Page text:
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Judge-Mandated Racial Quotas For Plaintiffs' Law Firms



One hopes that judges will scrutinize class action settlement proposals closely. It's not clear, however, that scrutiny of the racial and sexual composition of the law firms should be part of that scrutiny.

In an order signed this week, U.S. District Court Judge Harold Baer (S.D.N.Y.) required two firms serving as co-lead counsel in a securities class action to "make every effort" to assign at least one minority and one woman to the case. "This proposed class includes thousands of participants, both male and female, arguably from diverse backgrounds, and it is therefore important to all concerned that there is evidence of diversity, in terms of race and gender, in the class counsel I appoint," wrote the judge.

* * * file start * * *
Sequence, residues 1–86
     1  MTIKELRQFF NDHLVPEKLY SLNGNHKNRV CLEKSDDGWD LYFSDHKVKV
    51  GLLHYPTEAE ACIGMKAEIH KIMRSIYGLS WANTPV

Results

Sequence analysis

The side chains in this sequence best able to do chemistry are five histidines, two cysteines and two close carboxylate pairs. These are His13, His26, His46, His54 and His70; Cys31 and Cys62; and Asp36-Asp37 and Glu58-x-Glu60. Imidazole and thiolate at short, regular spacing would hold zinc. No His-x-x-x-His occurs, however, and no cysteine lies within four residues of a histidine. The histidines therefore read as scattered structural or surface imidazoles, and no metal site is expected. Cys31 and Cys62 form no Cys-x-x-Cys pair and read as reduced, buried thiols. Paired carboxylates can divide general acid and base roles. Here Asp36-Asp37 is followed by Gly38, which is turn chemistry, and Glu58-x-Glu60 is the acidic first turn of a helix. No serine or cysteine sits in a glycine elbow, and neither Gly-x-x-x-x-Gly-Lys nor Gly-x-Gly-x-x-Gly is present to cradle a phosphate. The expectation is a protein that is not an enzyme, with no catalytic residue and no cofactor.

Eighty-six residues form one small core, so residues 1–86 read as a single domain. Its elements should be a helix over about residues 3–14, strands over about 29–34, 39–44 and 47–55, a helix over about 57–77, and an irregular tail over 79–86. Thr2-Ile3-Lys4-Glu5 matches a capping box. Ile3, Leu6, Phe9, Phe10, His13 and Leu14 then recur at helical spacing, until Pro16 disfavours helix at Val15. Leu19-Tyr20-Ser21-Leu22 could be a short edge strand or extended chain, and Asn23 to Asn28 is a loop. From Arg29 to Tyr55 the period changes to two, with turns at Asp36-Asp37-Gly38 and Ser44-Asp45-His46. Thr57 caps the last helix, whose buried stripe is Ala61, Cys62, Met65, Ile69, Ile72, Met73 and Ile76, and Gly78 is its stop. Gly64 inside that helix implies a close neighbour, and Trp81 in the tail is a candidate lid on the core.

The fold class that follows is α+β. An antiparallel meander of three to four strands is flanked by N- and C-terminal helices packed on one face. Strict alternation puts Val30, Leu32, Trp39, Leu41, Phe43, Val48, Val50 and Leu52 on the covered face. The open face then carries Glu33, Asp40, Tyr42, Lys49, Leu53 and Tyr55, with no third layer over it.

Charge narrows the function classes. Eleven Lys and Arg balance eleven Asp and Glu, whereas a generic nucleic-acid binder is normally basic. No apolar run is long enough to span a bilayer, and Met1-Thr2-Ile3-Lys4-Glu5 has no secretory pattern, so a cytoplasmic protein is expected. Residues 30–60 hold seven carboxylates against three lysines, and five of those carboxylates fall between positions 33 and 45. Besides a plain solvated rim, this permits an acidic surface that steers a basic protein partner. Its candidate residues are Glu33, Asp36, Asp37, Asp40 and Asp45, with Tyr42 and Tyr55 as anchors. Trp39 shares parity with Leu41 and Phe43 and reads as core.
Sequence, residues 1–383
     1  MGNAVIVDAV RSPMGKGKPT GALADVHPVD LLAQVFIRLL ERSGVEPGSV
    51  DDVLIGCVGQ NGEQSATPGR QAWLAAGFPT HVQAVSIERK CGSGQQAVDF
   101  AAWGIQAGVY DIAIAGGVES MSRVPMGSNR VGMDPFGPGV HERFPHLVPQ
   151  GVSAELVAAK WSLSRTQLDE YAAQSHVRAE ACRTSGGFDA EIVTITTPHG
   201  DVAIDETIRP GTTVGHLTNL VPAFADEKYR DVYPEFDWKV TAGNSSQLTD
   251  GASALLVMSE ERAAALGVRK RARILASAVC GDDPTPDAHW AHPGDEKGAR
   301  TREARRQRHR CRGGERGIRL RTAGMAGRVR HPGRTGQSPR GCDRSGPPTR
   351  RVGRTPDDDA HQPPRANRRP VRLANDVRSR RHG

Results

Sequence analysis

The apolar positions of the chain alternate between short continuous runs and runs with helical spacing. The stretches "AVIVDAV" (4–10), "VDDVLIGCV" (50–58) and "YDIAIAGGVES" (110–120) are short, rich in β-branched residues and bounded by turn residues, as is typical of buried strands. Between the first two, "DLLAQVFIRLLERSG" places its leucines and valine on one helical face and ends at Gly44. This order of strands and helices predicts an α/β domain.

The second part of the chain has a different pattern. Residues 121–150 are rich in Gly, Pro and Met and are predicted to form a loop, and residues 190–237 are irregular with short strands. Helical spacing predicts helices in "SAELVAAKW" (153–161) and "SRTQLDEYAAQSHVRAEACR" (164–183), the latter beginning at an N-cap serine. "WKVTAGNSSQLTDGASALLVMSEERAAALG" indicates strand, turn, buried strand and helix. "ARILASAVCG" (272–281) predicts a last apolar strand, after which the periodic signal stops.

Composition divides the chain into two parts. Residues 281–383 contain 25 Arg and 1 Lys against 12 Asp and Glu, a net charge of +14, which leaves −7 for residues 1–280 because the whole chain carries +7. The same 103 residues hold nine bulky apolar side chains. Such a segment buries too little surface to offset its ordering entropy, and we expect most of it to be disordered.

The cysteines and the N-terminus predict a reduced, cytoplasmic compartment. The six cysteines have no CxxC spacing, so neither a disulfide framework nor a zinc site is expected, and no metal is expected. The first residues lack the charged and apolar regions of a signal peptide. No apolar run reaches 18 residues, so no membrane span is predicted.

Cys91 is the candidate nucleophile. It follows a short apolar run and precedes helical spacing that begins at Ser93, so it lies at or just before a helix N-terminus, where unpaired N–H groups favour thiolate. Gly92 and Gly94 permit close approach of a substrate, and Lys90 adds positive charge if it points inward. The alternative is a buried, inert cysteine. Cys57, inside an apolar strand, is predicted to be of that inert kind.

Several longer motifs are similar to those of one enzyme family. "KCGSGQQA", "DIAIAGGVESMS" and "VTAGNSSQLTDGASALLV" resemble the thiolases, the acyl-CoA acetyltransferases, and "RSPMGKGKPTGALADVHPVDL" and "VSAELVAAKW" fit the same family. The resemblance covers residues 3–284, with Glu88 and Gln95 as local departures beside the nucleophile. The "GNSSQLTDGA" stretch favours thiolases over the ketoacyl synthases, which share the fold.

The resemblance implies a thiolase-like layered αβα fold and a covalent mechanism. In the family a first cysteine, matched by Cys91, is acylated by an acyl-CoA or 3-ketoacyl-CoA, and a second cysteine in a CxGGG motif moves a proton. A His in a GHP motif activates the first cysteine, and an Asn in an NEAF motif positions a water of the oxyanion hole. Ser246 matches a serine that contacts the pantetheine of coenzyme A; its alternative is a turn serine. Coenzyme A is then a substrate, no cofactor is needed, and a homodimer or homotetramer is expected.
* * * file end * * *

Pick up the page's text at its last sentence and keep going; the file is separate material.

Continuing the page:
Baer had himself appointed these same firms to lead the case two years ago.

According to the American Lawyer, judge Baer has made supporting diversity a priority. Indeed, his order references a ruling in another case that co-lead counsel must assign one woman and one minority lawyer to the case.

If the lawyers' pleadings are insufficient in their representation of the class, a judge should properly intervene. But is judge Baer of the view that only lawyers of the same race and sex as class members can "represent" them? In a securities class action? Why is that so? Presumably judge Baer is not multi-sexual and is perhaps not multi-racial; yet presumably he can nonetheless decide cases impartially. Is Judge Baer making affirmative action a pre-requisite for appearances in his court? Perhaps he has clerks of different races and sexes? If so, is he implying that judges whose chambers are not "diverse" are incapable of rendering justice?

 

 


Isaac Gorodetski
Project Manager,
Center for Legal Policy at the
Manhattan Institute
igorodetski@manhattan-institute.org

Katherine Lazarski
Press Officer,
Manhattan Institute
klazarski@manhattan-institute.org

 

Published by the Manhattan Institute

The Manhattan Insitute's Center for Legal Policy.